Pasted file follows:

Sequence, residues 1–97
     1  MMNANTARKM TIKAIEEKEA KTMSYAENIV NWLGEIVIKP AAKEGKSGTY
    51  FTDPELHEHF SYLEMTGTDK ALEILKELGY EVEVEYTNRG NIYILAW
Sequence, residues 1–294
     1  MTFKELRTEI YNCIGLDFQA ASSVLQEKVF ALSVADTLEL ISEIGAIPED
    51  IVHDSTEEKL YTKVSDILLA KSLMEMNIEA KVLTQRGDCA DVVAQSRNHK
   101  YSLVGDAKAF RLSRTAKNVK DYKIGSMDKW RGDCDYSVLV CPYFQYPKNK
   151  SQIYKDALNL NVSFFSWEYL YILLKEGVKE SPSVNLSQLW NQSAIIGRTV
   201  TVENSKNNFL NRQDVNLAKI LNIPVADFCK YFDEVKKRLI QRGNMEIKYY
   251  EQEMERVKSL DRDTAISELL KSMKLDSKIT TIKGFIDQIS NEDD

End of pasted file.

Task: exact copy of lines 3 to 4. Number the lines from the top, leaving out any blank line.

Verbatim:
    51  FTDPELHEHF SYLEMTGTDK ALEILKELGY EVEVEYTNRG NIYILAW
Sequence, residues 1–294